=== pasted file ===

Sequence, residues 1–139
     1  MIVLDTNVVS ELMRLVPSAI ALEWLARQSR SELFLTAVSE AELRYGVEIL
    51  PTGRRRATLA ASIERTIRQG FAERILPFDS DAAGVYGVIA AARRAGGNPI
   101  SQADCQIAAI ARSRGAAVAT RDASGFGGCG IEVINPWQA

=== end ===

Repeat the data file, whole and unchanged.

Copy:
Sequence, residues 1–139
     1  MIVLDTNVVS ELMRLVPSAI ALEWLARQSR SELFLTAVSE AELRYGVEIL
    51  PTGRRRATLA ASIERTIRQG FAERILPFDS DAAGVYGVIA AARRAGGNPI
   101  SQADCQIAAI ARSRGAAVAT RDASGFGGCG IEVINPWQA